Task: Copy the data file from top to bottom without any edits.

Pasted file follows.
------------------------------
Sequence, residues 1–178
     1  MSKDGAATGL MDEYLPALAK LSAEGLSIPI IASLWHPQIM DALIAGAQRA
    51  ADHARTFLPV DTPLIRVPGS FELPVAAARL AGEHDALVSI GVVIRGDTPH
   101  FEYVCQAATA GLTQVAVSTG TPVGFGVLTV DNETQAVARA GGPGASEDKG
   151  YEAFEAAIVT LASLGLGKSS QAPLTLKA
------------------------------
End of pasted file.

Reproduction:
Sequence, residues 1–178
     1  MSKDGAATGL MDEYLPALAK LSAEGLSIPI IASLWHPQIM DALIAGAQRA
    51  ADHARTFLPV DTPLIRVPGS FELPVAAARL AGEHDALVSI GVVIRGDTPH
   101  FEYVCQAATA GLTQVAVSTG TPVGFGVLTV DNETQAVARA GGPGASEDKG
   151  YEAFEAAIVT LASLGLGKSS QAPLTLKA